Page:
economic activities but yet should convert them into servants of
the development of the higher capacities of individuals, is one
that earlier liberalism did not meet. If we strip its creed from
adventitious elements, there are, however, enduring values for
which liberalism stood. These values are liberty, the development
of the inherent capacities of individuals made possible through
liberty, and the central role of free intelligence in inquiry,
discussion, and expression.
In Dewey, we see a dominant theme of American Progressivism and
20th century liberalism: the belief that there is an intelligence
or "method of intelligence" that can be applied to solve social
problems, which are themselves primarily economic in nature. It is
this intelligence, which makes no pretense to knowledge except as a
result of a pragmatic experimentation, that captures the spirit
of democracy more so than any philosophical or institutional
analysis. While all social relations are historically situated and
in flux, there is one constant: the application of intelligence as
a Progressive ideal and method.
For Dewey, therefore, "the only adjustment that does not have to
be made over again...is that effected through intelligence as a
method." It is the only simulacrum of God in an
otherwise desiccated world of process, evolution, and growth.
Dewey's Vision for Modern
Dewey rounds out his discussion by giving us insight into the
nature of a "renascent liberalism." Self-realization of the
individual must be physical, intellectual, and moral, and all
classes and individuals must benefit. This, of course, means that a
vast state mechanism must be constructed that is confidently
dedicated to ensuring individual self-realization by means of
progressive education, the welfare state, and redistribution of
The older political science of the Founding era, including that
of The Federalist, is easily swept aside by Dewey. While the
exact contours of public power and policy are not necessarily the
same for him as they are for Progressive political actors such as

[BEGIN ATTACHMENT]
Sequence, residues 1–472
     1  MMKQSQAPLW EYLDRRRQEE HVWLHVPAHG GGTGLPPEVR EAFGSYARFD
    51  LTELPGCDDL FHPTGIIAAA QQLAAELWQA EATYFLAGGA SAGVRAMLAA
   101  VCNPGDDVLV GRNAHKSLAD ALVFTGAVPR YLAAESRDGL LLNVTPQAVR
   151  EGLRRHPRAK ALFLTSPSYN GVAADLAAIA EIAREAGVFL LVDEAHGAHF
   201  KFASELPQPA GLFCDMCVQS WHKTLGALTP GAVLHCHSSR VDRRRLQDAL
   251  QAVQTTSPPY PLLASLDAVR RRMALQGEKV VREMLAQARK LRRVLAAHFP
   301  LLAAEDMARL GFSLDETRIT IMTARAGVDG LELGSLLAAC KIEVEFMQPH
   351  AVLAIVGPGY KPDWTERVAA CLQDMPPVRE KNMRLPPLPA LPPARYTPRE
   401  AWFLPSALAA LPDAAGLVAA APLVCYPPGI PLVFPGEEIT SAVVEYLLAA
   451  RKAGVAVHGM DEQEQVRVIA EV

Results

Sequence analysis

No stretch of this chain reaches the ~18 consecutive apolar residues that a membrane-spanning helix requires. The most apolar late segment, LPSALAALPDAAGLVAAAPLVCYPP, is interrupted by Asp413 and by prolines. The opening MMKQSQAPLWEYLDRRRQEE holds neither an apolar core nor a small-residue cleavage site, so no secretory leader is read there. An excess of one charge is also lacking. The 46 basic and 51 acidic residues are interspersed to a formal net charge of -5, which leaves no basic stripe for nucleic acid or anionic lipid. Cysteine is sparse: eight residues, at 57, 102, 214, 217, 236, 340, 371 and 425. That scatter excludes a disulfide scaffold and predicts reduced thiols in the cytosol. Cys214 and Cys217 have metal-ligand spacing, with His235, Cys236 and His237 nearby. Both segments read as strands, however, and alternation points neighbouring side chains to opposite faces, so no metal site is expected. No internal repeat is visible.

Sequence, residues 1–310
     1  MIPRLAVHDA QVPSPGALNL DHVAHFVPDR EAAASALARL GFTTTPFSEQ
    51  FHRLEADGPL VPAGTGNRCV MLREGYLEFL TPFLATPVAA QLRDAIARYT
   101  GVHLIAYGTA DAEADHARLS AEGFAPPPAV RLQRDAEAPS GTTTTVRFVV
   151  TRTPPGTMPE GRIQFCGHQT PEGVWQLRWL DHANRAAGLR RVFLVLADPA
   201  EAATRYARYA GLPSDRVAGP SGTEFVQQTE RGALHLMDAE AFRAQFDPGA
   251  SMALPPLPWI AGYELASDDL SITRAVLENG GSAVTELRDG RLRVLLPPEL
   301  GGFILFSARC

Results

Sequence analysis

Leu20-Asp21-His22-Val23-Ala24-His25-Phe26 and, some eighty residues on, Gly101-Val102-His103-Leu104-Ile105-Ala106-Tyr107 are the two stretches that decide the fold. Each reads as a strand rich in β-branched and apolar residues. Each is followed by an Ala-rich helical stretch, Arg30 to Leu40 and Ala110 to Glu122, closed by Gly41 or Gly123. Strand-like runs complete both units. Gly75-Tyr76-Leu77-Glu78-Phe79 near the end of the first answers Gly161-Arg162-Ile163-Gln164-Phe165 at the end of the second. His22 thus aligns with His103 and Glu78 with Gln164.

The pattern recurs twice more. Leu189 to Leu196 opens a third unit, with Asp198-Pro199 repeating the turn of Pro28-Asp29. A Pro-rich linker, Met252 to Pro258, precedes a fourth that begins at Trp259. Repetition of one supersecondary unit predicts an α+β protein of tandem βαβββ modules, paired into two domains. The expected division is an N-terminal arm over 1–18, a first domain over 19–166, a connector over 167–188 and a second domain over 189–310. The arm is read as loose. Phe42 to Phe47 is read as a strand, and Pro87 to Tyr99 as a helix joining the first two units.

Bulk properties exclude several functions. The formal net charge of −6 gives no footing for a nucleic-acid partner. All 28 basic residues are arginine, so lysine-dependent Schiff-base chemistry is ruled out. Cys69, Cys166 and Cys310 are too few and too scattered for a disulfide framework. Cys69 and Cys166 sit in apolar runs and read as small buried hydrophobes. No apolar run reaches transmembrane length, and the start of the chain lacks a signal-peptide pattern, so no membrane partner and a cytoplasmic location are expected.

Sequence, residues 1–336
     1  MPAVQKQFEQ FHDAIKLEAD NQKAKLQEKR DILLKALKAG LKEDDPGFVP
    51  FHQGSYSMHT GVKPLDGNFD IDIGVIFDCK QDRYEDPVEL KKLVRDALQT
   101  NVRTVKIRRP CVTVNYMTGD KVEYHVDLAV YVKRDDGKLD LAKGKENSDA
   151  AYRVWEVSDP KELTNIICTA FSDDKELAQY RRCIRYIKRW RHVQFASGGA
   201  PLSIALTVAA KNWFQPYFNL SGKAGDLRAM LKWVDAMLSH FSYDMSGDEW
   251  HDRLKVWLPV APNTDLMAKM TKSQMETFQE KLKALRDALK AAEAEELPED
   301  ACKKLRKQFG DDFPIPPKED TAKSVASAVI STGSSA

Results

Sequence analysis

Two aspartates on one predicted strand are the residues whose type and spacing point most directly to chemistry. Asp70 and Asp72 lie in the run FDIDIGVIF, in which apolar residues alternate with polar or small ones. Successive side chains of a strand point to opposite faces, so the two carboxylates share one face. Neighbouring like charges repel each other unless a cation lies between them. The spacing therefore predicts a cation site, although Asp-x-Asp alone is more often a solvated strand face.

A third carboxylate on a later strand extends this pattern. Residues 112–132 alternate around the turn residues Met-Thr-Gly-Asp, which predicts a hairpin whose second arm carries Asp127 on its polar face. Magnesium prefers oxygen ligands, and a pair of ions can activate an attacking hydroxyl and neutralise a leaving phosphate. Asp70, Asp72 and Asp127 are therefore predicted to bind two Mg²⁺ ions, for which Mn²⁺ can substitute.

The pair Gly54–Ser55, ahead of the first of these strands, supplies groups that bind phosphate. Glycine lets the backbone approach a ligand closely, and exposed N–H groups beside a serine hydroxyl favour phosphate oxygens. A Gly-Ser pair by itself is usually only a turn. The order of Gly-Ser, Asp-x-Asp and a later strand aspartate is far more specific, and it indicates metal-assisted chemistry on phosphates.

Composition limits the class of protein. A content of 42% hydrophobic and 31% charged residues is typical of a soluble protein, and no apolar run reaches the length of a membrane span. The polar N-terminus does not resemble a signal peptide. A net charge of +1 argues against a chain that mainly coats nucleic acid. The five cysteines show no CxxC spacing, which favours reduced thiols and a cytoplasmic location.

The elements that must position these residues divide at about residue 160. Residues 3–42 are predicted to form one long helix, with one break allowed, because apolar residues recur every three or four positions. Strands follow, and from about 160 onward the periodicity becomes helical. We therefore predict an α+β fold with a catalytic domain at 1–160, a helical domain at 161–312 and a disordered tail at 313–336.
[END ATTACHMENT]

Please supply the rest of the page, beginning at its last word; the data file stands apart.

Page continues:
Theodore Roosevelt and Woodrow Wilson, they all agree that there
are no inherent limits on state power. Like Roosevelt and Wilson,
Dewey is impatient with constitutional restraints and institutional
forms. Separation of powers is a doctrine rooted in stasis and,
therefore, political death. It stands in the way of progress and
Meanwhile, concerning oneself with constitutional forms and
formalities is to give to institutions an abiding and permanent
character they do not deserve. Certainly, Dewey did not concern
himself with the possibility that many publics are formed by
complex industrial societies and that a theory of representation is
needed to integrate them. Such considerations are subsumed to the
newly political categories of change and growth. Long before "the
courage to change" became an effective presidential campaign
slogan, Dewey helped ensure that "change" would have a central
position in American political rhetoric.
As constitutional restraints are seen as counterproductive and
even dangerous, the restraints of character take their place in a
decent political order. Education becomes a check on the power of
the state as it creates citizens capable of participating fully in
the republic of experimentation. But the old
virtues-whether they be of Aristotle's Ethics, Plato's
Republic, or the Judeo-Christian Bible-must be
overcome in Dewey's estimation. They must be replaced by the new